I&B ministry suspends auction of slots on DD Free Dish, to review process
New Delhi: The information and broadcasting (I&B) ministry has decided to review the channel slot auction process of state broadcaster Doordarshan’s free-to-air direct-to-home (DTH) platform DD Free Dish.
The ministry has asked the broadcaster to suspend e-auctioning of slots on DD Free Dish until further notice, two people familiar with the development said. The last e-auction took place in July, in which Doordarshan (run by Prasar Bharati) had earned Rs85.10 crore and awarded 11 channel slots to private broadcasters. Another auction scheduled for August was cancelled by the broadcaster, citing “administrative reasons”.
“The ministry has not given any reason behind this sudden decision. The slots on the platform are getting vacant and private broadcasters are not able to renew those. Prasar Bharati has been refusing renewal since August,” said one of the two people cited above, on the condition of anonymity.
Doordarshan holds an e-auction once every couple of months to award vacant channel slots on DD Free Dish to private broadcasters. At present, the platform carries 80 channels, including private entertainment channels like Star Utsav, Sony Pal, Zee Anmol, Rishtey and news channels like Aaj Tak, ABP News and News 24.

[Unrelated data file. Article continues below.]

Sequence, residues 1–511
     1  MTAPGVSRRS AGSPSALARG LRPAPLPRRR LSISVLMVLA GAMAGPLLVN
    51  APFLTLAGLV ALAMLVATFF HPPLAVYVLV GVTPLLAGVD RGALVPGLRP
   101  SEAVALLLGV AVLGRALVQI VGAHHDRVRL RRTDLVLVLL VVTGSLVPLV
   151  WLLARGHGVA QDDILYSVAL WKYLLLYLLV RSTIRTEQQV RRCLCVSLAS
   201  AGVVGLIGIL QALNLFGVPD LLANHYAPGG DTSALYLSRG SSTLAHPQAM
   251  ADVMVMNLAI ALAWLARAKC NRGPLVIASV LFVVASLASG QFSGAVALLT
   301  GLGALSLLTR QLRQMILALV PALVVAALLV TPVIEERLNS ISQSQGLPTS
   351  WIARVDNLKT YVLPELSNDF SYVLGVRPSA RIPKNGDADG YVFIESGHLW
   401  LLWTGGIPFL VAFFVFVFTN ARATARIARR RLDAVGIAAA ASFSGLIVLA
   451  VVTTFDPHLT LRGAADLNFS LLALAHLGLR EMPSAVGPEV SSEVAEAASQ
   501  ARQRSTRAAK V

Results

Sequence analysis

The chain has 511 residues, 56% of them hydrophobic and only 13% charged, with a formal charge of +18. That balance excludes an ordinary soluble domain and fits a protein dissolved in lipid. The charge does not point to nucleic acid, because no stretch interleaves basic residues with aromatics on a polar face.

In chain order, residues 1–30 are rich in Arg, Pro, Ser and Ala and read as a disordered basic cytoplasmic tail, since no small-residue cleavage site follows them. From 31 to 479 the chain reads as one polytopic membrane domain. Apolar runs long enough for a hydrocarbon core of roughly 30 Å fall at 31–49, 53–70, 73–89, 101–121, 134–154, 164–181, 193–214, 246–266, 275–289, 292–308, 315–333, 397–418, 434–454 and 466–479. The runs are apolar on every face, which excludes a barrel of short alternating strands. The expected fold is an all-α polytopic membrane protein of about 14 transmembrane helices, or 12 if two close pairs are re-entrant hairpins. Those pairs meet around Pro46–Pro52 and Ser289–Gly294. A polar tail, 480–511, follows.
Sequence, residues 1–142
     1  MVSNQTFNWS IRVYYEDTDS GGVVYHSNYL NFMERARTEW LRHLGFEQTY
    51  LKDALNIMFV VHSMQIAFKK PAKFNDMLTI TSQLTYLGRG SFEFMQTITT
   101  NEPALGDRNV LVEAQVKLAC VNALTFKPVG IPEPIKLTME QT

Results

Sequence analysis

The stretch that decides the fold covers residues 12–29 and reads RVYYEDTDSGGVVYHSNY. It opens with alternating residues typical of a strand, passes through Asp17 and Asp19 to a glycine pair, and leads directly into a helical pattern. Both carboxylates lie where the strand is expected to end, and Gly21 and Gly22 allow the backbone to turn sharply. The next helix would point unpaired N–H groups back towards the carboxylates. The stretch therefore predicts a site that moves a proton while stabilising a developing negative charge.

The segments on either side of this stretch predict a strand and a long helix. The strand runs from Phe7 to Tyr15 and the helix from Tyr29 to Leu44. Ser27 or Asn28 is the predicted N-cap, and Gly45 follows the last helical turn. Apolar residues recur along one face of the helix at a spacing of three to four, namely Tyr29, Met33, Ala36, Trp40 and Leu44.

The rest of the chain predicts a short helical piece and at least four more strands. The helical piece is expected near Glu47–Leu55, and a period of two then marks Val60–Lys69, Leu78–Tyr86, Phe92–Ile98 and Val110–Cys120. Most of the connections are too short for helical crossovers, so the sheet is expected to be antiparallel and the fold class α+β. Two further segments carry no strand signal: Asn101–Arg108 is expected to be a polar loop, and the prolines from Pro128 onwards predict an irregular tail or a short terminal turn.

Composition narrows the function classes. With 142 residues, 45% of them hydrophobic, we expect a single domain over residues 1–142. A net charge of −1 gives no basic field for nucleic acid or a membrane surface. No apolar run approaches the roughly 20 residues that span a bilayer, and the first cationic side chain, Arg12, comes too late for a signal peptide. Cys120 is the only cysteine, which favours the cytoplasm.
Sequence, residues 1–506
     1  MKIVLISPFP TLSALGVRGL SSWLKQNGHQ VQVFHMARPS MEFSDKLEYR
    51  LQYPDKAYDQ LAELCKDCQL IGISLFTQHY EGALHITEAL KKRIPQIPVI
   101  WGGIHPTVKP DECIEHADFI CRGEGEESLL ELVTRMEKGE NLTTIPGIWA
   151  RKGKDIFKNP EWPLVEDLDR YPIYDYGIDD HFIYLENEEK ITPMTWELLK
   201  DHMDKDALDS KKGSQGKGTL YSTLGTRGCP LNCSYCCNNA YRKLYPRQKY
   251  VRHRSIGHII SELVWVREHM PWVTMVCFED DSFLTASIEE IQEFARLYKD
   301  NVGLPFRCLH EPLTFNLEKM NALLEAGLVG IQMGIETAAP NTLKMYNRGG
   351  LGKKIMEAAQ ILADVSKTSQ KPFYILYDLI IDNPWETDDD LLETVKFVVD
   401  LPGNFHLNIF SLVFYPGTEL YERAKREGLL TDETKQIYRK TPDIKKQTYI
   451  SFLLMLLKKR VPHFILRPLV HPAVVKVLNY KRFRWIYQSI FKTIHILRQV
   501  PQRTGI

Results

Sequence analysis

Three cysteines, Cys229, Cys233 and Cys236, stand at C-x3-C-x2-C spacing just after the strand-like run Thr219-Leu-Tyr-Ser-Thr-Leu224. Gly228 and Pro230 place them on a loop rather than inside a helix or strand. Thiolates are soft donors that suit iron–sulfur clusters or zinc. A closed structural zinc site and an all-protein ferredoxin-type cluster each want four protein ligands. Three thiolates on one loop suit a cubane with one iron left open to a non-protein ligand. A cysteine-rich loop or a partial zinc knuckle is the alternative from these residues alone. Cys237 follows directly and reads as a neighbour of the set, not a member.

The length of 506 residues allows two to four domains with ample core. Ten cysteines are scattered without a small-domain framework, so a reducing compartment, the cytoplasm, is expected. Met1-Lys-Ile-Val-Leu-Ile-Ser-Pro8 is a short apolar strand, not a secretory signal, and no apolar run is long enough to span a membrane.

So far, the platform has two vacant slots but “the number will increase to ten by the end of this month if no decision is taken by the ministry”, said the other person, asking not to be named.
An emailed query to the I&B ministry seeking comment went unanswered. Shashi Shekhar Vempati, chief executive officer at Prasar Bharati did not respond to calls and text messages.
For the year 2016-17, Doordarshan earned more than 30% of its revenue from Free Dish at Rs264.17 crore, the highest-ever revenue earned from the platform. Overall, the broadcaster earned Rs827.51 crore in the year ended 31 March, surpassing its annual target of Rs800 crore.
Industry executives believe that this move will jeopardize the smooth partnership between private broadcasters and DD Free Dish. “There is an untapped rural market which can only be tapped through Free Dish. By stopping this abruptly, the government is jeopardizing the commercial viability of the platform. This uncertain situation is not in the interest of private broadcasters as they earn a lot of ad revenue from Free Dish. Rather, this concerns multiple stakeholders including advertisers and viewers,” said an executive at a leading private broadcaster, who did not want to be named.